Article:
Explained the mechanism of packet processing of the NAPI model, we complete our description talking about how this has been integrated with the non-NAPI model.
There is an attribute of the structure already discussed softnet_data called backlog_dev .
This attribute is instance of the net_device structure. At initialization of the networking subsystem (in particular in the routine net_dev_init) of the pointer to poll() of backlog_dev is initialized with the address of the internal function process_backlog . This function is called in softirq NET_RX_SOFTIRQ like any other poll() method of NAPI-compliant devices in the poll_list, as described above.
The parameter passed to this function is just a pointer to backlog_dev which is an attribute of the instance of the structure softnet_data attached to the CPU that executes the softirq.
The process_backlog() function extracts the frames of input_pkt_queue, inserted by the function netif_rx, and delivers them to the protocol stack by calling the netif_receive_skb (such as the poll() method of a generic driver NAPI-compliant does). The maximum number of frames that can be delivered depends in this case also by the value of quantum initialized with the global parameter weight_p (settable in the /proc file system), as well as the duration of the function itself that is limited to not more than one tick jiffies counter.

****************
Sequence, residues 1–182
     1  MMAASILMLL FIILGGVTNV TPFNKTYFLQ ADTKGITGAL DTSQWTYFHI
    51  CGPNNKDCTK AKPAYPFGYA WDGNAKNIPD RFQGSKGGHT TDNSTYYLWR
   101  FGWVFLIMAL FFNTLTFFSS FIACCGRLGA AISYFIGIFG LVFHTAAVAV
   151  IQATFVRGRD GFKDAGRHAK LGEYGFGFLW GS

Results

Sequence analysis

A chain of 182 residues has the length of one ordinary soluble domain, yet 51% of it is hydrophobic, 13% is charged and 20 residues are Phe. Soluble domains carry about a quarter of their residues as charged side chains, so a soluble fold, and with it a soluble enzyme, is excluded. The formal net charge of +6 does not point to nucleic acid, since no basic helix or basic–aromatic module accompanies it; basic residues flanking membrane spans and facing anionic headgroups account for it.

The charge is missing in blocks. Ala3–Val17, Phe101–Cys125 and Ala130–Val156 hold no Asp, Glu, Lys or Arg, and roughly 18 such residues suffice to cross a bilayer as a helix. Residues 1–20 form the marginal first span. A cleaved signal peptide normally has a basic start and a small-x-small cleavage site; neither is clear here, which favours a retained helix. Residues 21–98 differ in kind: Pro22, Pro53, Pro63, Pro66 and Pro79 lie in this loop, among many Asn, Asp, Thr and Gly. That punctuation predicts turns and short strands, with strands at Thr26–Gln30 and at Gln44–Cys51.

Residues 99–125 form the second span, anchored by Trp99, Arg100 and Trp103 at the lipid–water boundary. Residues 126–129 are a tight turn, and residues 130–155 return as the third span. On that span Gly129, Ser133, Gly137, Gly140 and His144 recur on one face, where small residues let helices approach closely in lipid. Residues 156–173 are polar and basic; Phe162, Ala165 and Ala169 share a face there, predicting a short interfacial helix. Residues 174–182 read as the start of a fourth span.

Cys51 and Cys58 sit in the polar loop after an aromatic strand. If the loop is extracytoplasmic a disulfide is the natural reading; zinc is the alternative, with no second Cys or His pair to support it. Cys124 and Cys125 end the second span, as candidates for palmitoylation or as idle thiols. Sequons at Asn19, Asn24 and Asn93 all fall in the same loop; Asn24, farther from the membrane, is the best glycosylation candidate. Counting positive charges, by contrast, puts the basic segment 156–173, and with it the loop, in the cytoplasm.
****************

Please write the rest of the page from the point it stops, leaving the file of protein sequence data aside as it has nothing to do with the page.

When this quantum or socket buffers to be processed are exhausted, the function process_backlog gives control back to the calling function which - by now should be clear - is the function net_rx_action.
Having mentioned several times the /proc file system, it seems appropriate to point out that the settings for the device driver (in particular for the parameters of the NAPI drivers) are exported in the sysfs directory /sys/class/net.